This is a partial transcript from "Hannity & Colmes," Mar. 18, 2005, that has been edited for clarity.

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SEAN HANNITY, CO-HOST: We start tonight with Terri Schiavo's sister, Suzanne Vitadamo and Schindler family attorney, David Gibbs. Thank you for being with us.

Let me start with you, Suzanne. My condolences to you and your family. Are you hopeful? Where does it stand now? And how is the family reacting?


Yes, we're hopeful. We still understand that Congress can actually take action yet and save Terri, and we're really pleading with Congress at this point to go ahead and do that.

Our family is struggling. I mean, today was an awful day. We really didn't think this was going to happen today with so much that was going on up in Washington and even in Tallahassee (search ). So we're doing the best we can.

Terri is a fighter. We know she is. We love her and will stand by her as long. As she's holding on, you know, we'll fight for her.

HANNITY: Well, I want you to know, Suzanne, you know I'm on your side, and I know a lot of the American people are on your side. And I know there's a lot of efforts going forward here.

David, good to see you again. Thank you for being with us.

Specifically, David, and we're going to get congressional reaction in a few minutes here, but by all objective measure, there's not a chance that anything is going to happen over the weekend.

So when we get back here Monday, 72 hours will pass. That is a long period of time. How concerned are you about that? Is there anything that can happen this weekend?

DAVID GIBBS, ATTORNEY FOR SCHINDLER FAMILY: Well, we are very concerned about Terri being without food. Her feeding was discontinued. She's begun to starve and dehydrate to death this afternoon. She will go seven to approximately 30 days before there's the point of no return and she will leave this world.

What we are hoping is that on Monday the Congress will indeed pass the law, get the language reconciled. Both the Senate and the House have passed laws that would extend due process protections to disabled people like Terri.

Ted Bundy (search ), as a convicted mass murder, has more protection than an innocent disabled woman like Terri. It makes no sense.

HANNITY: Suzanne, I — as you watch these maneuverings go on, what message do you want to send? We're going to have Congressman Sensenbrenner and Senator Santorum on here. What message do you want to send to them, because these are the guys leading this effort in Congress in Washington?

VITADAMO: Well, I — you know, I thank them very much, and the message I send is that Terri is a disabled American. And we don't treat criminals in this fashion. She has done nothing wrong.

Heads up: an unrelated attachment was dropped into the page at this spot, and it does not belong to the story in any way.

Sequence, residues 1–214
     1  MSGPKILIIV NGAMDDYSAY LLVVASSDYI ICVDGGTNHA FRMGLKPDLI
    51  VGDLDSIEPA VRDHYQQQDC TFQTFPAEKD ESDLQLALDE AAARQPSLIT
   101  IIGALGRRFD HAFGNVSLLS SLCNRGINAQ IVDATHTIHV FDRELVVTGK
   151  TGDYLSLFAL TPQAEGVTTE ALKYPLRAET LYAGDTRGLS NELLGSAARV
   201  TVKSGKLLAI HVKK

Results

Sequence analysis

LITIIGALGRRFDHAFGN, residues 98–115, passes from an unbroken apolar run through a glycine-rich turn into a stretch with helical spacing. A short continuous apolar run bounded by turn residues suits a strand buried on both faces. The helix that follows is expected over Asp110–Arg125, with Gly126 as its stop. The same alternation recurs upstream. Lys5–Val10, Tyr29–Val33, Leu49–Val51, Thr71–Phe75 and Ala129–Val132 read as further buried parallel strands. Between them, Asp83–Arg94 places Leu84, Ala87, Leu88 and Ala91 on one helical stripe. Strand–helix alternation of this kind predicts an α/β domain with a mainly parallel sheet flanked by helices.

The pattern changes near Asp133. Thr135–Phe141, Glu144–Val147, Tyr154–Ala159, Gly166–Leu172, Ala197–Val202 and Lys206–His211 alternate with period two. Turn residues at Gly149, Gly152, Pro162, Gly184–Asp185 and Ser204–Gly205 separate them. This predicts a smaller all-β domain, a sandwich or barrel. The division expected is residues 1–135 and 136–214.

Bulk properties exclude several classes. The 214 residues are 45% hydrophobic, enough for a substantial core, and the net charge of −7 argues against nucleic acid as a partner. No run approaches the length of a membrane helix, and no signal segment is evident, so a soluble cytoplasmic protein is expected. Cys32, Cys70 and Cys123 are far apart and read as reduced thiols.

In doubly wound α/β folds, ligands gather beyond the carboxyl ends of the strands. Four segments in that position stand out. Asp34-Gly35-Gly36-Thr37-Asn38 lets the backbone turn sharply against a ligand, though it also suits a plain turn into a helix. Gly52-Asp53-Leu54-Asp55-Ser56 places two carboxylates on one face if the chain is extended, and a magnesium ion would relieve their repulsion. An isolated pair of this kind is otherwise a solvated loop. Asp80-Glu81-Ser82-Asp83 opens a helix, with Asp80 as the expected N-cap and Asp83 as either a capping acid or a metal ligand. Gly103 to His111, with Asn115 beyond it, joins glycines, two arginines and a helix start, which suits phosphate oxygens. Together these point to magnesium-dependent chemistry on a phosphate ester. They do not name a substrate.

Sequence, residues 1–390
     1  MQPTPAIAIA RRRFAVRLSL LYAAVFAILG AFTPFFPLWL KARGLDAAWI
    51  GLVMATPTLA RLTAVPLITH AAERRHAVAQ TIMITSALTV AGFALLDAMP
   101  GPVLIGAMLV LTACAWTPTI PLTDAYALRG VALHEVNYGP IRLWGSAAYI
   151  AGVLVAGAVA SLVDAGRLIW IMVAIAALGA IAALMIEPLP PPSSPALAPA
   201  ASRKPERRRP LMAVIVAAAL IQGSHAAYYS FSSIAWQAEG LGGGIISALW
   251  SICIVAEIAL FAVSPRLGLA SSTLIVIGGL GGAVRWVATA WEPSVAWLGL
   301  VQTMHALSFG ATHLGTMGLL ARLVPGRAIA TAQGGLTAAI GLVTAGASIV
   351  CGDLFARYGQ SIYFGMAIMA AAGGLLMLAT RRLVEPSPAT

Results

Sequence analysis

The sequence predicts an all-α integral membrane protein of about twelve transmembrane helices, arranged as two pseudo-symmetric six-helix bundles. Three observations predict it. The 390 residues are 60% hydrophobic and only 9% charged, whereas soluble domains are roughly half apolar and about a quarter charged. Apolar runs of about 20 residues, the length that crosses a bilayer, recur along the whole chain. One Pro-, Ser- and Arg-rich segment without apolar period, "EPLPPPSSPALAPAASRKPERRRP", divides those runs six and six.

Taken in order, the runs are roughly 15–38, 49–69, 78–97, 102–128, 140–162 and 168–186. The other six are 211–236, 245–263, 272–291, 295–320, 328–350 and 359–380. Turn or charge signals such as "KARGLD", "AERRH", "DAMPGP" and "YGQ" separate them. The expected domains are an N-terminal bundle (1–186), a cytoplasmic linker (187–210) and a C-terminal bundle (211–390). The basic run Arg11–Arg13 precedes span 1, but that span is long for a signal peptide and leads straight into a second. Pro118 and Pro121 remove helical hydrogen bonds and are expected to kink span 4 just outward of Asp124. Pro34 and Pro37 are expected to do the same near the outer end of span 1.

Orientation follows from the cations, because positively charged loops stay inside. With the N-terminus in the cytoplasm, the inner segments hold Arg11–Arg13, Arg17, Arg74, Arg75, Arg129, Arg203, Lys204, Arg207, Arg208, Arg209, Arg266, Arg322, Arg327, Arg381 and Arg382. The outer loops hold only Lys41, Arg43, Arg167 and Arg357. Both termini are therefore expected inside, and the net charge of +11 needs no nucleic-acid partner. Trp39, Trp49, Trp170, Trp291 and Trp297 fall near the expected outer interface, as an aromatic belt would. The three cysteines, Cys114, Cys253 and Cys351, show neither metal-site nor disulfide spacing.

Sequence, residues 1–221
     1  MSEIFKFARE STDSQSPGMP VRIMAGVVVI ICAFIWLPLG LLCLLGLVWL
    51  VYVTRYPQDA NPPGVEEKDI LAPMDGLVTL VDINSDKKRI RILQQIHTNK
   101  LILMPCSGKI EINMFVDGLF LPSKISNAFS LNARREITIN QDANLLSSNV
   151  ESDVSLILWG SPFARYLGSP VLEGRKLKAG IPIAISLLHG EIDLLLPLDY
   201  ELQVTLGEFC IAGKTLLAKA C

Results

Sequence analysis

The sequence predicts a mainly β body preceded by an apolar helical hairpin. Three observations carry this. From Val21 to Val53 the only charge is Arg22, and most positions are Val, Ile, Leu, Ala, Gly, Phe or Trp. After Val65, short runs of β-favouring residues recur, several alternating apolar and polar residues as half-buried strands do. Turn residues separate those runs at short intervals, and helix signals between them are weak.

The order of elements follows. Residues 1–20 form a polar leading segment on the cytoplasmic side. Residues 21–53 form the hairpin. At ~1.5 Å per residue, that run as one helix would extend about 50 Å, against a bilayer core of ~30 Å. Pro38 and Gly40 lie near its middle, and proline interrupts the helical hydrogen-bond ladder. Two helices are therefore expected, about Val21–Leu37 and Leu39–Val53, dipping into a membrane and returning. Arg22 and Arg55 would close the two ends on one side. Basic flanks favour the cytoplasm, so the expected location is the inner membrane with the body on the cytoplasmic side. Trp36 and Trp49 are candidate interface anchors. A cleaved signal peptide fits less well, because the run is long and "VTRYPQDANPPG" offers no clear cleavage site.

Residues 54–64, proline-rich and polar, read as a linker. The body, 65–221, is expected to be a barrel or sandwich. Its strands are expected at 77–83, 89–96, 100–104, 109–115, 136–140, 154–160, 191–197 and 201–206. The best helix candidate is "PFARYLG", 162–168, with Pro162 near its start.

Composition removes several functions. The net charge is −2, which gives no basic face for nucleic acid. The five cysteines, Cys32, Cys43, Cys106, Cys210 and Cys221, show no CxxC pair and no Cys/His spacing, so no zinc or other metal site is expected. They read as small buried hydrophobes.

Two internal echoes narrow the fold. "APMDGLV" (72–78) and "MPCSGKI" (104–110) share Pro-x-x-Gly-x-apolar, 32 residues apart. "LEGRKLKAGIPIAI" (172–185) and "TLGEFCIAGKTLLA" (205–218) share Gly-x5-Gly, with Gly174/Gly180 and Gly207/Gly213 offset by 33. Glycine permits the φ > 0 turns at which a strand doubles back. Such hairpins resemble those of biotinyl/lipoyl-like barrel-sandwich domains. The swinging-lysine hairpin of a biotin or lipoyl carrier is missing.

She's not in a coma. She's reactive. She's responsive. She smiles. She giggles. She tries to talk. And today she was actually talking as much as she could to our attorney, Barbara Weller (search ). And she spoke out. She yelled out when Barbara asked her to. And even the policeman standing outside the door heard her.

So this is the type of — this is the woman that they're going to starve to death. It's inhumane.

HALPIN: Mr. Gibbs, Pat Halpin here. What makes you think that the federal courts are going to find any differently than the state courts that have — that has an extensive record on this case and has gone through numerous appeals and reviews over the years?

GIBBS: We believe that if Congress passes this legislation, that number one, Terri would get an attorney, that she would have access to court.

The judge that has made all these rulings that she should die has never looked at Terri. We don't believe Terri has ever had a fair trial. And if the legislation currently before the Congress is passed on Monday, we will be before a federal court seeking a fair trial for Terri. And we believe once a fair trial is held, Terri will indeed have her right to live protected.

HALPIN: But there quite is an extensive record that the state courts have developed over the years, and this has been reviewed by the appellate courts in Florida, hasn't it?

GIBBS: Well, it's not as extensive as you would think. There's been one trial judge that's held a trial.

HALPIN: Judge Greer.

GIBBS: And he has found that — Judge Greer has found that three statements, one to the husband, one to the sister-in-law, and one to the brother-in-law watching television, talking about a relative, is clear and convincing standards that she should die.

We believe if Terri had a lawyer, if she'd been in court, if the witnesses had to look at Terri, if the judge had to look at Terri — we would love for Congress to subpoena Terri today. The courts tossed that out in Florida. But we would love for the world to see how alive Terri is and what we're trying to do in starving her to death. It's just tragic. It's heartbreaking that it's happening in our nation.

HALPIN: Now — now I understand, and I don't want to go through all of this, but there was a five — there was a panel put together of five doctors, two appointed by the parents, two by the husband, and one by the judge, a neutral one. And three of the five said that — concurred that Terri was in this constant vegetative state, right?

GIBBS: They did but we do not believe at this point that, with the modern technology, they would find the same thing. Terri had never had an MRI (search ).

HALPIN: Suzanne...

GIBBS: They have never had the testing that would show exactly what's going on in her brain.

HALPIN: Suzanne — Suzanne, did you have a chance to say goodbye to Terri?

VITADAMO: I was with her today but I'm not — I don't think I need to say goodbye yet.

HANNITY: All right. Suzanne, thank you, and all the best to your family during this tough time.

David, good to see you. We'll be talking to you in the days to come.

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